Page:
In Bong Joon-ho's glorious new film, little 14-year-old Mija (An Seo-Hyun) raises a gigantic, genetically modified pig she has named Okja in the mountains where she rustically lives with her Grandfather. This is part of a ten-year-plan created by the CEO of a food corporation (Tilda Swinton) of sending these lab-created creatures to different parts of the globe and seeing which farmers raised the finest ones. The early scenes with Mija and the lumbering, hippo-sized pig with a bovine face frolicking in the streams and mountains are infinitely magical. But suddenly the corporation arrives and whisks this creature away to New York for the big ceremony and Mija recklessly races towards Seoul to prevent them from shipping her pig to the States. There she is aided by an animal rights activist group led by Jay (Paul Dano) and K (Steven Yeun). Some characters -- like Jake Gyllenhaal, who plays the frantic, fey, host of a TV animal show -- go a little too far with the cartoonish characterizations. Others, like Paul Dano and Giancarlo Esposito, play more naturalistically which works better. But as this story hurtles towards a desperate race against the clock to save Okja, you are so caught up emotionally in the love this little girl has for this beast that nothing else matters. Technically it's a true wonder from beginning to end.
The Little Hours
Rollicking free-wheeling comic adaptation of stories from Boccaccio's bawdy The Decameron, set in 1347 at a convent where the nuns live in a hothouse atmosphere rife with lechery, lesbianism, paganism and just plain gossip. Pretty Sister Alesandra (Alison Brie), dumped there by her father, dreams of a marriage proposal as an escape. Foul-mouthed, hot tempered Sister Fernanda (Aubrey Plaza) is sneaking female friends in for drunken nights of revelry. Sister Geneva (Kate Micucci) is busy gossiping to Mother Superior (Molly Shannon) about her other sisters' indiscretions. Father Tommosso (John C. Reilly) has a fondness for the sacrificial wine. Into this comes poor Masseto (Dave Franco) on the run for his life after having repeated sexual indiscretions with his master's wife (wonderful Lauren Weedman). He pretends to be a deaf mute and becomes the new gardener/handyman but in no time is getting hit on by the lascivious nuns. Director Jeff Baena forgoes putting on "ye old" accents and the end result is genuinely funny. Dave Franco is really adorable as the hapless object of holy lust, and Aubrey Plaza, who was so spectacular in the TV series Legion, is gloriously mean and hilariously contentious.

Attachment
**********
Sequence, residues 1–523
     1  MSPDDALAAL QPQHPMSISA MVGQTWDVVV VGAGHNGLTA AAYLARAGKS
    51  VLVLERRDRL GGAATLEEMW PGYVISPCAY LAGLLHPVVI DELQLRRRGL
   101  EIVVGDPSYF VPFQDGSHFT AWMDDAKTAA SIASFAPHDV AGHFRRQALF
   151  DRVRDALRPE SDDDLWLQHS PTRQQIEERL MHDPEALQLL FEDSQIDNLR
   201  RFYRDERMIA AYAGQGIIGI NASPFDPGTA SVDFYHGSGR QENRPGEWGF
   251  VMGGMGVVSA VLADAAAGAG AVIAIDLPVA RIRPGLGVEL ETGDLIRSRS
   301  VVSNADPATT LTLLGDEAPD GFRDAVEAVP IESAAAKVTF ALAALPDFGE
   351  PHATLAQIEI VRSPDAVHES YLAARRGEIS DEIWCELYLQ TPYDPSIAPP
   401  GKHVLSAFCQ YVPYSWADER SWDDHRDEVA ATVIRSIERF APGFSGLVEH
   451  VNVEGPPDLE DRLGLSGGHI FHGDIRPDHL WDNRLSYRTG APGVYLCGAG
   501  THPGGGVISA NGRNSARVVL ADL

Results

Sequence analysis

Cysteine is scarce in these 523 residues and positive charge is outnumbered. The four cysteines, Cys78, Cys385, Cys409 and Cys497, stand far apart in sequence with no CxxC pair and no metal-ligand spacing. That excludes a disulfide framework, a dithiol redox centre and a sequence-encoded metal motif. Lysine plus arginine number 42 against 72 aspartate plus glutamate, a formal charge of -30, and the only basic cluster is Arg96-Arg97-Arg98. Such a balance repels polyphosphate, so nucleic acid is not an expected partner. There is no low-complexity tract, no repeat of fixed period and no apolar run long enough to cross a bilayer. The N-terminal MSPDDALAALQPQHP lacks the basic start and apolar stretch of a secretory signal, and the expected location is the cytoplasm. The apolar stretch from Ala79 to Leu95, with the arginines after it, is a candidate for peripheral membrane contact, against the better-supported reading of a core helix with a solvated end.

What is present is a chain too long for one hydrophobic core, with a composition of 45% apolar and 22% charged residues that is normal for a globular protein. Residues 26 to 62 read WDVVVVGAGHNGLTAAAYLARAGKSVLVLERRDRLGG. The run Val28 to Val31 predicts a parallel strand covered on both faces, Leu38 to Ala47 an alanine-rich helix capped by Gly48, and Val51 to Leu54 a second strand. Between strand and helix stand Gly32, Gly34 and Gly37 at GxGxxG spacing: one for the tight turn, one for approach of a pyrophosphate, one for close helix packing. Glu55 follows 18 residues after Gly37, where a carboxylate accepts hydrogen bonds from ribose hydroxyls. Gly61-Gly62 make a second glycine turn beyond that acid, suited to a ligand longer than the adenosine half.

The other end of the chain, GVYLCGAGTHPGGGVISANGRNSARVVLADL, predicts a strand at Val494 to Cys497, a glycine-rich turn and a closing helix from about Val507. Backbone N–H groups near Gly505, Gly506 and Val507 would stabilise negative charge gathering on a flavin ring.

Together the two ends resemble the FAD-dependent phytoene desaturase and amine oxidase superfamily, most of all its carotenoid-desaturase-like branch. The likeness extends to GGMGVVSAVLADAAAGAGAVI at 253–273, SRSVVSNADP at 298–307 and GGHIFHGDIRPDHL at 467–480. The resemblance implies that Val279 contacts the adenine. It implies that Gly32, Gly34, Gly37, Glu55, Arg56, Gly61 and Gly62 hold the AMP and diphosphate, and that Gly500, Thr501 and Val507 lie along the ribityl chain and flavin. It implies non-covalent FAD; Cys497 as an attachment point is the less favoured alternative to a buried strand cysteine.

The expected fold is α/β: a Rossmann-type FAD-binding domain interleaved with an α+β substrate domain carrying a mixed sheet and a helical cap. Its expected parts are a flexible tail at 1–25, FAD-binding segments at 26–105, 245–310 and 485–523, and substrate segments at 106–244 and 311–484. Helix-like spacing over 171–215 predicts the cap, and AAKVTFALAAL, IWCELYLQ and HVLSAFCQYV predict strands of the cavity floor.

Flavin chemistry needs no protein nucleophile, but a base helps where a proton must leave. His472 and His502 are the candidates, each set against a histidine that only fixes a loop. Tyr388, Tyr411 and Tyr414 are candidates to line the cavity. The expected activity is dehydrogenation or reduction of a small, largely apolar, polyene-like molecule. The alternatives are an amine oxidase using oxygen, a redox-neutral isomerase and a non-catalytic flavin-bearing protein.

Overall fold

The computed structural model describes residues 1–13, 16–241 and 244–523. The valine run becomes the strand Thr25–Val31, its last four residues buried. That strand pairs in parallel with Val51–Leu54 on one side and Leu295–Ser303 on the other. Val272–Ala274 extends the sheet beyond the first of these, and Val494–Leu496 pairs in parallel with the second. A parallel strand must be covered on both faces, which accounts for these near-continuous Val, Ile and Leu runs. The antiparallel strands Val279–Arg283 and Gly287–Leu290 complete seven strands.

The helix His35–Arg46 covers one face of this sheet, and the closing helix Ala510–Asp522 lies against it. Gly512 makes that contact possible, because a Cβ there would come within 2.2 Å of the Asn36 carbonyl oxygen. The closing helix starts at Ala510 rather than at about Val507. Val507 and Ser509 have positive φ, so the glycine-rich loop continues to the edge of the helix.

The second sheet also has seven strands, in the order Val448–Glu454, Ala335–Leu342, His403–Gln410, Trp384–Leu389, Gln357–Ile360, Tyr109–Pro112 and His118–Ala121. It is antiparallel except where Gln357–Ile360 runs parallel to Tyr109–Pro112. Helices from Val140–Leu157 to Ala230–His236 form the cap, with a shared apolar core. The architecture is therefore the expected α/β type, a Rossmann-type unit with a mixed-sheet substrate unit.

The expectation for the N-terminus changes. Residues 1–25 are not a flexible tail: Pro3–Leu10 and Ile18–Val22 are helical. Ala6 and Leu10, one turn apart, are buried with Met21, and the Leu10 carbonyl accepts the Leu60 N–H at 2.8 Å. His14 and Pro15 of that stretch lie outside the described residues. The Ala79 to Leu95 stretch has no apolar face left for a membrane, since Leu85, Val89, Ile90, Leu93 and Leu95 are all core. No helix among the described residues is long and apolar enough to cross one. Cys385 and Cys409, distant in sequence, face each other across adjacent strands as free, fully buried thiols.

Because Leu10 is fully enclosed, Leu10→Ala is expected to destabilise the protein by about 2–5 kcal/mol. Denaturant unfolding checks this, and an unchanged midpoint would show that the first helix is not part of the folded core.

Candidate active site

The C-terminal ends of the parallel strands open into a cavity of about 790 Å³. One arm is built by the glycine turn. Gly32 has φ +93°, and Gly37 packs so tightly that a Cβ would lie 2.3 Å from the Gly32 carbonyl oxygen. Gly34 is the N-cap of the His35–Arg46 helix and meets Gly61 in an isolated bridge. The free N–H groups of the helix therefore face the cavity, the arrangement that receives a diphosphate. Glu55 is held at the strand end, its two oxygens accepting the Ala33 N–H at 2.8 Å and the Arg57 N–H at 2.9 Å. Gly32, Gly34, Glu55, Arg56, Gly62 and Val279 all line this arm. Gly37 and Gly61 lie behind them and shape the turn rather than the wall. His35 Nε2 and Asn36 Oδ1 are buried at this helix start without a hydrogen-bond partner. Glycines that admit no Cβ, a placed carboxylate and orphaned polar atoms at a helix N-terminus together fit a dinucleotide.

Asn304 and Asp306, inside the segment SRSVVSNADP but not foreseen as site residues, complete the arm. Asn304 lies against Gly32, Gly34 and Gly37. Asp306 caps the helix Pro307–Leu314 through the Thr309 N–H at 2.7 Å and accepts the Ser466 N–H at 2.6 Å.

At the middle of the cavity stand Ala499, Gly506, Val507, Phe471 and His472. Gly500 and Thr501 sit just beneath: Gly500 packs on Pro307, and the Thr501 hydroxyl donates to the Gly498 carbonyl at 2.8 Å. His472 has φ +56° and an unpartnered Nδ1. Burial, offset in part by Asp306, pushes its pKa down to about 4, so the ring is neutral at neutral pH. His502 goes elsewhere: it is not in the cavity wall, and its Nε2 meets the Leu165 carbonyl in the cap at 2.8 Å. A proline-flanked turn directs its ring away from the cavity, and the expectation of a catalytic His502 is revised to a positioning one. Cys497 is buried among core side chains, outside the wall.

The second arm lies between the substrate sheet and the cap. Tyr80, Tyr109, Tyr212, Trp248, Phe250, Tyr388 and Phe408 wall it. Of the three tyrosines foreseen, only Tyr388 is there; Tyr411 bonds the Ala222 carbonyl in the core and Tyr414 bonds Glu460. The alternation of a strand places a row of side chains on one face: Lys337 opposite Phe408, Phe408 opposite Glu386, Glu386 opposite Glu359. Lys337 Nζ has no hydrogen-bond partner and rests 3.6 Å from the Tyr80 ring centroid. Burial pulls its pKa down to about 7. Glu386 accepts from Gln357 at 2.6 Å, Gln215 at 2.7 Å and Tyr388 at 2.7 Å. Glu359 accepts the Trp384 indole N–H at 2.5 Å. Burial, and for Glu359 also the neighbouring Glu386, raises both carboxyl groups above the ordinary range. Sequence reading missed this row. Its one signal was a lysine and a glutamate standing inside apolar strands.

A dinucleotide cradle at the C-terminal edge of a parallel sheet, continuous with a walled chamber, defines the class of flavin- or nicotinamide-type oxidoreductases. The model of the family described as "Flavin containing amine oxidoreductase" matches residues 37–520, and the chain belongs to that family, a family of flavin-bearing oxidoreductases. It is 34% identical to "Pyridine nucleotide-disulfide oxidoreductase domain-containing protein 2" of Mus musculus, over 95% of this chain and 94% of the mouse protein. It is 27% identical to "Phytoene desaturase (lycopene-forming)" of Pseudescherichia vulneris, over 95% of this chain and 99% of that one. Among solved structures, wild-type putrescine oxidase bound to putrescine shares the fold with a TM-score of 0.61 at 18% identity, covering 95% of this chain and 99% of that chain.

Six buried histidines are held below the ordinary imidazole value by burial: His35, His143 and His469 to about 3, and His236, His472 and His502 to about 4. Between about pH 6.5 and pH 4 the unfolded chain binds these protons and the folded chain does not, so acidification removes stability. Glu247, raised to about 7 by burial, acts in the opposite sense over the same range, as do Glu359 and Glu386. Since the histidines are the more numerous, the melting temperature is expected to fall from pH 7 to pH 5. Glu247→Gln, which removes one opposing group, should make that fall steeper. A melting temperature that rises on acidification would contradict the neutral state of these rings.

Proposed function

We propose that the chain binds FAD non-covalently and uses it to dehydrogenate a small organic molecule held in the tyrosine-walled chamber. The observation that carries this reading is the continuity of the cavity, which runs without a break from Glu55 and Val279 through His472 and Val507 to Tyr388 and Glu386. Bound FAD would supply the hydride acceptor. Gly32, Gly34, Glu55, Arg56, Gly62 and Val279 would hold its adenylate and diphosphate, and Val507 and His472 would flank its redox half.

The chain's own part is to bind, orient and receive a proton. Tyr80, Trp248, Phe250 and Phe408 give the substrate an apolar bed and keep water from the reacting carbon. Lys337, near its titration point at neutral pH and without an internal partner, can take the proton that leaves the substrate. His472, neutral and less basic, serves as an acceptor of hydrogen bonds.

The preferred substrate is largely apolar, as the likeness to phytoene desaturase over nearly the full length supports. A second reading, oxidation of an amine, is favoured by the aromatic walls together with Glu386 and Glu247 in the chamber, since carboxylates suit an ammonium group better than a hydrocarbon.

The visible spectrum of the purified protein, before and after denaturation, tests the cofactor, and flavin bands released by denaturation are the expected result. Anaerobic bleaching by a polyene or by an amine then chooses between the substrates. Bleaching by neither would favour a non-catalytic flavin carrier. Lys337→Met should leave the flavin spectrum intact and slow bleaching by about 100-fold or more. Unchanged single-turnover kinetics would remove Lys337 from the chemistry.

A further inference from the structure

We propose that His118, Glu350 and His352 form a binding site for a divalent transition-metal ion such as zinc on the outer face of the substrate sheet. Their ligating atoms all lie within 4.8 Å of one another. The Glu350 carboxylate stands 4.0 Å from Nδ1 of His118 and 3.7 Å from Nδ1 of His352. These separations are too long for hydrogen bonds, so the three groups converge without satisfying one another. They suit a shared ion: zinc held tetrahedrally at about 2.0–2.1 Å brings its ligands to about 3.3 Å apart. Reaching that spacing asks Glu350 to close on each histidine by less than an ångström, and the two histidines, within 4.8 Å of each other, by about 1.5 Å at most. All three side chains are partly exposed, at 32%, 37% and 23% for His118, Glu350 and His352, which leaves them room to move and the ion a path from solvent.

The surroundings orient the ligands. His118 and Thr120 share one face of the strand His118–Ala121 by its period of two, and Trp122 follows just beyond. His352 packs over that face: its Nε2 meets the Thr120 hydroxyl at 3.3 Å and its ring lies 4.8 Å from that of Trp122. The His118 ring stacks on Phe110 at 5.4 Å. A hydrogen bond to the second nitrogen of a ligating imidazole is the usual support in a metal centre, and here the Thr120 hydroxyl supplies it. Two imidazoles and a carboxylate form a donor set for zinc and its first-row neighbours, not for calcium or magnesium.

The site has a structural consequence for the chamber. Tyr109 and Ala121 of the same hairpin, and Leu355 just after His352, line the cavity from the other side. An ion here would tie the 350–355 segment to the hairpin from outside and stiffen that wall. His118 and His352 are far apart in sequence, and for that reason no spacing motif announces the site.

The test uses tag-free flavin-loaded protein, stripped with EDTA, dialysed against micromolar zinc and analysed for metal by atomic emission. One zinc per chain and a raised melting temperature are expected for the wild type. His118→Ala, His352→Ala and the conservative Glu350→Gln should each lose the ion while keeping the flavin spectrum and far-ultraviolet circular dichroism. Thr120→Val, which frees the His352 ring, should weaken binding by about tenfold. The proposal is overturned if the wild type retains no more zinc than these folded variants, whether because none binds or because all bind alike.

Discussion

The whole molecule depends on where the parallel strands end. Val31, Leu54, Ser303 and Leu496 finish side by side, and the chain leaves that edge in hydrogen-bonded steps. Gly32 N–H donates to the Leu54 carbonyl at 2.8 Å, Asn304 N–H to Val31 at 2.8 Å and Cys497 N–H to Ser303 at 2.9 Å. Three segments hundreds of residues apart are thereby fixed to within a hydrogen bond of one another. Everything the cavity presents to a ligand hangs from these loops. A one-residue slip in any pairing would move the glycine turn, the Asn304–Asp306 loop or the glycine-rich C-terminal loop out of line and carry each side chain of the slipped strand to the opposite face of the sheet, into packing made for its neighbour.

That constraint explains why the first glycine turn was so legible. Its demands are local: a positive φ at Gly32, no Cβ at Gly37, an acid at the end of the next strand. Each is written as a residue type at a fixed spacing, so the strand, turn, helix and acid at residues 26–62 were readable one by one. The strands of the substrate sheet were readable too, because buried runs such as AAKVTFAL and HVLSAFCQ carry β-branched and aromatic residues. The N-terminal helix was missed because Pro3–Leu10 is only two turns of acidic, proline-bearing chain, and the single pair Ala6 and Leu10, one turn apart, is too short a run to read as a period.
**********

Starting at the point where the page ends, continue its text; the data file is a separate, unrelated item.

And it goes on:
Sublimely bittersweet comedy written, directed and starring Demetri Martin, in which he plays Dean, a young man unstuck by grief because of his mom's death. Living in Brooklyn. he is struggling to finish his second book of "whimsical" drawings and the combination of his friend's wedding, his break up with his fiancee, and his dad (Kevin Kline) considering selling the family house causes Dean to impulsively jump on a plane to California, ostensibly for a business deal, but really to clear his head. There he unexpectedly meets a lovely, interesting girl (Gillian Jacobs) and puts off returning to New York and dealing with his grief. Martin cuts an oddball but appealing figure on screen, and the dreamy score and those wonderfully droll drawings just create the right mood for this melancholy, yet funny, meditation on loss and love.
Tender portrait of acclaimed Canadian folk artist Maud Lewis (Sally Hawkins) by director Aisling Walsh. Maud, stricken from birth with crippling arthritis, was shuttled to live with unfriendly relatives in Nova Scotia. She answers an ad for a housekeeper at the local market and lands in the small remote house of grumpy, misanthropic fish merchant Everett Lewis (Ethan Hawke). Maud's escape from her unhappy life was to paint -- on cardboard, metal, on the walls of the tiny home she shares with the brutish Everett, and before long she becomes well-known and revered for her folksy paintings of snowbound vistas, birds, and other nature imagery. Everett slowly comes to love the strange, crooked but sweet, little woman. Sally Hawkins and Ethan Hawke elevate this material from being mawkish with the strength of their performances. Hawkins gives Maud a delightful offbeat, sly, humor that is infectious. Kari Matchett does a nice turn as a vacationing New Yorker who sees the magic in Maud's painting and encourages her.
Funeral Parade Of Roses
A 4K restoration of director Toshio Matsumoto's influential black and white 1969 film set within the transgender underground scene in Japan. An experimental fever dream centered around a gay club called Genet were the Geisha-looking male Madame is losing her boyfriend to the pretty young hostess Eddie (played by "Peter"). Politics, drugs, art, underground film all weave in and out, not to mention documentary interviews with the cast with questions like: "Are you happy being a gay boy?" And it all ends with a bloody, melodramatic, take on Oedipus Rex of all things. Supposedly a big influence on Stanley Kubrick for A Clockwork Orange.
Splash image via Netflix